3.     I have a friend/mentor who I (a) admire and respect, (b) likes to talk business, and (c) is in a related but completely separate field. Admittedly, this may be the most difficult relationship to emulate, but I would expect that most entrepreneurs have similar mentors/acquaintances/friends/
colleagues. On roughly a quarterly basis, we have lunch. Over time, we have developed a pattern of checking in on one another from a business perspective. It’s taken some time for this relationship to evolve, but I am always the beneficiary of his wisdom. He has a keen business mind, which forces me to clearly articulate my business principals going forward. He can call me out more quickly than anyone else. He has enough experience that his advice is relevant, but he is completely separate professionally in what he does, so his advice is unvarnished. Because we have been doing this over a period of time, he can detect changes in strategy, e.g “last time you said x, now you are doing y.” Because he pushes for clarity in my thought process, I have to ably defend and articulate the evolution of strategy. The time spent is invaluable.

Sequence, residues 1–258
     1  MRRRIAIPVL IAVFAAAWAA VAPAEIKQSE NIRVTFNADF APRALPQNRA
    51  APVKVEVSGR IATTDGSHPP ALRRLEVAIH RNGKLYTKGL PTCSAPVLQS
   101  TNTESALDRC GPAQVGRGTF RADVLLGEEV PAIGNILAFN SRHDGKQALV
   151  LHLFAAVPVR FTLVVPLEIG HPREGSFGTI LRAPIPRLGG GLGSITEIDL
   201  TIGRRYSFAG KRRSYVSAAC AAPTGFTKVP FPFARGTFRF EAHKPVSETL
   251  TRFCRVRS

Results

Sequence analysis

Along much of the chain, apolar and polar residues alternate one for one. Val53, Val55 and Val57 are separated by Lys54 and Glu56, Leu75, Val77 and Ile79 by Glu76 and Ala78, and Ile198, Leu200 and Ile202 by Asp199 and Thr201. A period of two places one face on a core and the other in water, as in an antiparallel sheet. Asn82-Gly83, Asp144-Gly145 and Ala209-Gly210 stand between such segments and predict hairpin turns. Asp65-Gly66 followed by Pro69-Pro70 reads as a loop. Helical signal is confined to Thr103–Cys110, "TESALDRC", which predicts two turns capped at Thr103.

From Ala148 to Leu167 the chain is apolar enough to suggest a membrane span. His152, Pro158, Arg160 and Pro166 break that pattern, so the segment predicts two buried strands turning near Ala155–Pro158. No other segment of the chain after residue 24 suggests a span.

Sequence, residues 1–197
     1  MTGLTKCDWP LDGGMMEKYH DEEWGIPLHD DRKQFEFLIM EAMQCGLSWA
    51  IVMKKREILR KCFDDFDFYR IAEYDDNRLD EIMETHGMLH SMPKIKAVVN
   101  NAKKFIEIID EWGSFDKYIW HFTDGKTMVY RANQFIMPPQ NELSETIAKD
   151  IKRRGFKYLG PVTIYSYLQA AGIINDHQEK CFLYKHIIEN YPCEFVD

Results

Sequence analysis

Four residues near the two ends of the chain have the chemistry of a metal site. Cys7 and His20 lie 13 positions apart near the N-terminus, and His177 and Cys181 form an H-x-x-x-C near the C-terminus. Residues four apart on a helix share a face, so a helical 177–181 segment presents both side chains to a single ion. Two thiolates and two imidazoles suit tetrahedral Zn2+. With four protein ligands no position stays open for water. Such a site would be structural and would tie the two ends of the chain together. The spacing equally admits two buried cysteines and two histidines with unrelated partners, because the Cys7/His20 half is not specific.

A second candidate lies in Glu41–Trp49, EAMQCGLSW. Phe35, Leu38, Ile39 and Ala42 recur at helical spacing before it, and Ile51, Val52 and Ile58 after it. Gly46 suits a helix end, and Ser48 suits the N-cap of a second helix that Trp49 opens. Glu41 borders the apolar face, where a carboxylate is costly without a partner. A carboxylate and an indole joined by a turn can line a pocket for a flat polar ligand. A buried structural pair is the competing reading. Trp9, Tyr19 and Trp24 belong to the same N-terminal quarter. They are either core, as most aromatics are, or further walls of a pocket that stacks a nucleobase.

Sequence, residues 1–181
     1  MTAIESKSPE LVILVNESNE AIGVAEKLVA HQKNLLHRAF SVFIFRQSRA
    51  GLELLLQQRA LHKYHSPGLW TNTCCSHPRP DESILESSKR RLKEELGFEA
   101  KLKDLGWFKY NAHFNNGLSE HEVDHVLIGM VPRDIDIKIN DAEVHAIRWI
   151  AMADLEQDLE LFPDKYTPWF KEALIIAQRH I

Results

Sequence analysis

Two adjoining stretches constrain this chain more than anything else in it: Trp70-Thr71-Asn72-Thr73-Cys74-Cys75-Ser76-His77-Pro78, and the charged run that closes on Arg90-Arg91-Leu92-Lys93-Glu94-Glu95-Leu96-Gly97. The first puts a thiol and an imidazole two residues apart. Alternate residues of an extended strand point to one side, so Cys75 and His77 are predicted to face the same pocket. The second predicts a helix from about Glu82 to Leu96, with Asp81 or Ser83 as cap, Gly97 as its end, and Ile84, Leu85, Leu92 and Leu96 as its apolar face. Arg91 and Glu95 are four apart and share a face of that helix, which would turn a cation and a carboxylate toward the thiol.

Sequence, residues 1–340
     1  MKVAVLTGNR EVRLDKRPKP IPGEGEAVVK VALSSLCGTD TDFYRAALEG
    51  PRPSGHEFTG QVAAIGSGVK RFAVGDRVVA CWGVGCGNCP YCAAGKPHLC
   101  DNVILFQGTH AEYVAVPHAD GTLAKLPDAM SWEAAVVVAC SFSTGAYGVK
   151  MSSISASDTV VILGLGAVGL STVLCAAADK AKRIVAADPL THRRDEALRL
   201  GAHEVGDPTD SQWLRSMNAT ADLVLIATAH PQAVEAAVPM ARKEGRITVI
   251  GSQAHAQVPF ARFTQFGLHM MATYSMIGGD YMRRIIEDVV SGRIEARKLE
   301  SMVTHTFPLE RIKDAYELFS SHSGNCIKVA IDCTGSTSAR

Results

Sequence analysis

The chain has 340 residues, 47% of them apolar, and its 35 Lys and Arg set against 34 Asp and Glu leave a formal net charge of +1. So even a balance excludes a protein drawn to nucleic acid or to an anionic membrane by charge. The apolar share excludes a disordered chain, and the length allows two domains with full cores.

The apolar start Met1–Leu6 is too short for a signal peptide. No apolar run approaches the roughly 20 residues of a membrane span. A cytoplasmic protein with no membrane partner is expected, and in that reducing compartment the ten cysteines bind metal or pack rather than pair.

A couple of points:

1.     These relationships have developed naturally, but intentionally;
2.     In some cases, a monetary component exists and the engagement is not necessarily pro bono, although I am relying on good will to an extent; it is less expensive than a board, but it still costs money;
3.     I respect these individuals, personally and professionally, so I heed their advice;
4.     Because they have long-term involvement, their advice is based not just on their own experience but on their experience with us;